“How many times do I have to tell you not to pick your nose?”
Sam sighed. All he wanted to do was dislodge those crusty bits that stabbed the inside of his nostrils every time she made him blow into a tissue, and remained there stubbornly regardless of his efforts with the tissue. Those things hurt, and they didn’t let go on their own.The best way to remove them was gently, with his favourite finger, and then flick them into the bin.
She should just be thankful he never wanted to eat it. He didn’t understand how other kids could. Just the other day when they had gone out for lunch he had watched another boy in the restaurant eating his booger off his finger before picking up a chicken nugget and eating that. He shuddered at the thought.
“You don’t know what damage you might do in there, Sam. Please, just use a tissue and blow your nose, and let me get this last jack o’ lantern done for tonight.”
As his mother turned away to finish carving the pumpkin, Sam defiantly slid his finger back up his right nostril, where he found a great big pointy one, shaped just like the witch’s hat that already sat on a carved pumpkin on the porch by the front door. This was possibly the biggest and pointiest one yet, like a miniature mountain that had grown to dominate the inner landscape of his nose. Just as his fingertip reached for its peak, his mother looked over at him.
“Sam! Get your finger out of your nose! Now!”
She ripped a couple of tissues from the box on the sideboard on her way past and almost slapped them over the lower half of his face.
“Blow!” she demanded.
As he exhaled, she pinched the tissue around his nostrils. Sam began to protest as he felt a sharp stab deep inside his nose and the powerful jolt of a momentary headache, followed by a strange sensation of being lighter and freer than he had been only a moment before. Sam fell silent and limp as his head imploded, collapsing in on itself like a punctured ballon, leaving his mother with an unsoiled tissue in her hand and a grimace of shocked surprise on her face.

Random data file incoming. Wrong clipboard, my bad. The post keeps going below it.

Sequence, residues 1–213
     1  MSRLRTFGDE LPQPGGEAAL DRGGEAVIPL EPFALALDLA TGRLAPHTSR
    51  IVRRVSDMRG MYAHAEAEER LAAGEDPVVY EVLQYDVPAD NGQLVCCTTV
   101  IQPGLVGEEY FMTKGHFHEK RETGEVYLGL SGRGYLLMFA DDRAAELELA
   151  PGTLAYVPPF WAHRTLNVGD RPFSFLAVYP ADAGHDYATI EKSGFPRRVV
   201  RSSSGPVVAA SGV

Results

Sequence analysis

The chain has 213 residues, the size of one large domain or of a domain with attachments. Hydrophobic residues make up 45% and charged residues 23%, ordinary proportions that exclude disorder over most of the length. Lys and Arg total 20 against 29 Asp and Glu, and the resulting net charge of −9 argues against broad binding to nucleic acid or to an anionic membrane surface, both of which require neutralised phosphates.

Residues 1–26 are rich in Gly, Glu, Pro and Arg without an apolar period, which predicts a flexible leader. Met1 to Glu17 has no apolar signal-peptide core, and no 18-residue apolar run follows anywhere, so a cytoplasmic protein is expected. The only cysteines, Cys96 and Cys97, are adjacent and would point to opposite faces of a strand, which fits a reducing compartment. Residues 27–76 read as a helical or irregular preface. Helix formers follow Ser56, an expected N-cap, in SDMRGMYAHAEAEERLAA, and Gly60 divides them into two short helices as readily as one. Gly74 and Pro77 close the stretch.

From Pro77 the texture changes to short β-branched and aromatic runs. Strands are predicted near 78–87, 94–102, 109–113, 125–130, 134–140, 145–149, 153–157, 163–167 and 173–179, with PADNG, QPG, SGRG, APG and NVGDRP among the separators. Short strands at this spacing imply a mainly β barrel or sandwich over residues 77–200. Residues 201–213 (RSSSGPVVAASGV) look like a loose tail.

His sweet face lay shrivelled and flattened on his shoulder on a bed of dark brown hair, eyes still clenched shut as they had been when he felt the pain in his head.
She gathered Sam into her arms and cradled him there, his face flat against her skin and a thin trail of bone dust and ash falling from his left ear. She rocked him, keening and weeping as dusk began to fall outside and late into the night that followed.
When the moon rose high in the sky, a small, ghostly hand touched her shoulder, then took her hand and led her outside into the silvery light. She watched as the small boyish figure walked up a bright moonbeam, then turned to wave goodbye.
She waved languidly with one hand, the other still clutching his lifeless body to her chest.
When he was so far up the moonbeam that she could no longer see him, she laid his body on the ground and fetched a shovel. The shovel crunched into the ground beneath the willow tree time after time, until she had dug a small trench in the earth.
She leaned the shovel against the trunk of the tree, and then gently gathered Sam’s body into her arms. Silent and sombre, she carried him across the yard, whispered a few words, and lay down in the grave with him in the waning moonlight to await her fate.
Now that you’ve made it clear
That I don’t matter to you,
I need you to return my things:
The time you were always asking for,
Countless borrowed hands,
The respect you mistook for deference,
The love you took for granted,
And everything else you took
When I wasn’t looking.
Defiant, I stood as tall as I could and faced the enormous beast.
Towering over me so that I was lost in the cold of its shadow, the monster met my bravado with silent derision.
I carried no sword, nor any other weapon, but deep within, I knew I could win this fight by using my wits. With all the strength and conviction I could muster, I growled, “As intimidating as you are, remember this: I created you, and I will defeat you.”
No longer able to maintain its composure, my to-be-read pile barely held itself together as it laughed and laughed.
“I still don’t know what to do.” Greg’s words hung in the air, the atmosphere pregnant with frustration as his classmates’ faces mirrored the teacher’s umbrage.
The teacher glared, deliberately silent as heat flushed, dark red, up his neck and across his face. His mouth opened, but no words came. The sound of his pulse reverberated around the room, growing louder and faster as he fought for control.
The explosion, accompanied only by a vague squelch, spewed bloodied flesh and grey matter across the room. A disembodied eyeball on the floor continued to glare at Greg.
“I’m full of good ideas,” I told him,
“Full of something,” he promptly said,
And he was right: there’s always more
Than just bright ideas in my head.
Vivid memories stream on a cinema screen,
To a soundtrack of favourite songs,
A maple tree full of autumn leaves
So my heart can visit where it belongs.
There’s a flowing river of storylines
And a deep well of imagery,
A box full of timely lessons, hard learned,
And useful facts from world history.
The walls are lined with shelves of books
And pictures of beloved faces,
There’s a graveyard to visit with those who have passed
And doorways to favourite places.
And right at the back, where no-one can see,
In the darkest part of my brain,
There’s a very deep hole where I throw away
Things I don’t want to think of again.